Ten Tips for New Authors: #7

#7 Get a great critique group. Or two.

I have a weekly critique group of local writers. We meet on Monday nights, and I can’t even begin to tell you how valuable that has been for me. I’ve learned about writing, but I’ve also received encouragement to follow the rules above. After a while, I learn to edit myself. I can almost predict what Steve or Carolyn is going to say about a chapter I’ve brought. I’m also a member on CritiqueCircle.com where I can branch out and get feedback from several other authors, and help break off even more rough edges that my Monday night crew has become used to.

Despite the stereotype, writing is not performed in an isolated environment. It takes twice as much input to produce quality work.

It is true that the group is rough. They need to be. Any group that just complements you and sends you home is only hampering you and making you a weak, ineffective, useless writer. It is the tough love that makes you stronger and hones your skills. Be willing to take the criticism (not verbal abuse, but constructive information on what works and what doesn’t in your story) with a smile and really process information from respectable sources.

I say “respectable” because every group has a few members that think they know everything, but in reality they know next to nothing. Keep in mind that this input is still very valuable. But sometimes you have to mine the nuggets of valuable information out of mountains of other rubbish. The time spent mining those nuggets is still worth it.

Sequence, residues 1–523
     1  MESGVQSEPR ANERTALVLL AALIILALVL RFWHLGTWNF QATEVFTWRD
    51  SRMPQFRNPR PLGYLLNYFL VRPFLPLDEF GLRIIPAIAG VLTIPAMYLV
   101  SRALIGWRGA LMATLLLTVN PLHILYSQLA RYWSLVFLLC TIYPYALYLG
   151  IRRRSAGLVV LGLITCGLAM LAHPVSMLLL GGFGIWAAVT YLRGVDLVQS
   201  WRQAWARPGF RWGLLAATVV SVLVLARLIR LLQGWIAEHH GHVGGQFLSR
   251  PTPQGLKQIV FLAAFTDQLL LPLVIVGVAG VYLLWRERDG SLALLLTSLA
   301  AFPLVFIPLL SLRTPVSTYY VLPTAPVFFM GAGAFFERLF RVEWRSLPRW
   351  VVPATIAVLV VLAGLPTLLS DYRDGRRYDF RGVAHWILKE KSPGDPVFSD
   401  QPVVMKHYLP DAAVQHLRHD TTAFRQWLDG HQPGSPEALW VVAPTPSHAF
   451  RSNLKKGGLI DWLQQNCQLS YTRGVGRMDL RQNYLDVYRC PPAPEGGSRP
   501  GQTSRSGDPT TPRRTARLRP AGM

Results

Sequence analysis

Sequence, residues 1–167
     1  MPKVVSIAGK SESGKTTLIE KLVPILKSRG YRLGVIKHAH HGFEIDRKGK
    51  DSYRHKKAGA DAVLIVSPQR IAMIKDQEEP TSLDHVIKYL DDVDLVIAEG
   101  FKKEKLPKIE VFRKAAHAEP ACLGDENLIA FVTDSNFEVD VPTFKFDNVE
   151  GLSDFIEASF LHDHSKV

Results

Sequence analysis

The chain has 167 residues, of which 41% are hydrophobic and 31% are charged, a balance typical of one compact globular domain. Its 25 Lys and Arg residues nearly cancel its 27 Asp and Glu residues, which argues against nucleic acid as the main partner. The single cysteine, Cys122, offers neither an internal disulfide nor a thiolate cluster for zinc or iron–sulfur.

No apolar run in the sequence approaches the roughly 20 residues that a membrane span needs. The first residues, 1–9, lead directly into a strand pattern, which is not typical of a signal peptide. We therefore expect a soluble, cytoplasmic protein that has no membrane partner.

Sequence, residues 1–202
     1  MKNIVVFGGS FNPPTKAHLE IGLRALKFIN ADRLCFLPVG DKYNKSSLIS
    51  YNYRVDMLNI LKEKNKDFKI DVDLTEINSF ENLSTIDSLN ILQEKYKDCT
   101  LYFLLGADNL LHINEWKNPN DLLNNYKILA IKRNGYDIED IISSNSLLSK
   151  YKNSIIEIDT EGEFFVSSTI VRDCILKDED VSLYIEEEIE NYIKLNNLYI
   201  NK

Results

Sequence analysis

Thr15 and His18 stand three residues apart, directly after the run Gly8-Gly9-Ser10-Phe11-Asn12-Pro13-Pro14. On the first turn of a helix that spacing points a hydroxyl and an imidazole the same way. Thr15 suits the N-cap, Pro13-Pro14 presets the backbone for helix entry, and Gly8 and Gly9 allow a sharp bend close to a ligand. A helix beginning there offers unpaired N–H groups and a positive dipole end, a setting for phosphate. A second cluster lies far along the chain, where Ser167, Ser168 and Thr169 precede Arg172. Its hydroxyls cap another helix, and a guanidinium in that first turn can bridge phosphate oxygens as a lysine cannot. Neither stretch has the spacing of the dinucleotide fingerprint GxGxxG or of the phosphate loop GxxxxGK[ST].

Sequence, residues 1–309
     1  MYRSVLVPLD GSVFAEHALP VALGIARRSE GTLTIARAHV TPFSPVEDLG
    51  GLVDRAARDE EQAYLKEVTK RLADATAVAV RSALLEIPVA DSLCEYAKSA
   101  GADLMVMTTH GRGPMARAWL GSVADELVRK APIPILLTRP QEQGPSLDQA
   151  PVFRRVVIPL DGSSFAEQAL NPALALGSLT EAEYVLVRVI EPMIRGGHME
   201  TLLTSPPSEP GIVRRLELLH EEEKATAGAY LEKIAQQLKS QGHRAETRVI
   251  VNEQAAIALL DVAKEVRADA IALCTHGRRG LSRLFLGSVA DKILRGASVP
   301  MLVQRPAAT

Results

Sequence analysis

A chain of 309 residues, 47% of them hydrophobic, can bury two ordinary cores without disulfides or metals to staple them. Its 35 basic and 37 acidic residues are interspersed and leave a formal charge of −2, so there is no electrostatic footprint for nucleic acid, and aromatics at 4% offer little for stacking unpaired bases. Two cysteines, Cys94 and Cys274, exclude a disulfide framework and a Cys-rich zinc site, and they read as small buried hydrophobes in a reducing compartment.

Then we have the seasoned veterans that are willing to give you priceless feedback on your story from years of personal experience. Soak this up like a sponge. Trust me when I say, you can not get enough of it. This information is worth more than you will ever know. Yes, it may be hard to hear at the time, but it will pay out a hundred-fold if you will just listen to it and put some of those bits into practice in your works.

You don’t have to implement everything that is mentioned in your groups. You are the author, and you always have to remember that. But the more feedback you can get, the more you will know what parts of your story needs to change, what parts need to stay the same, and which parts need to be cut completely out.

The process is hard and painful, but it is worth it.

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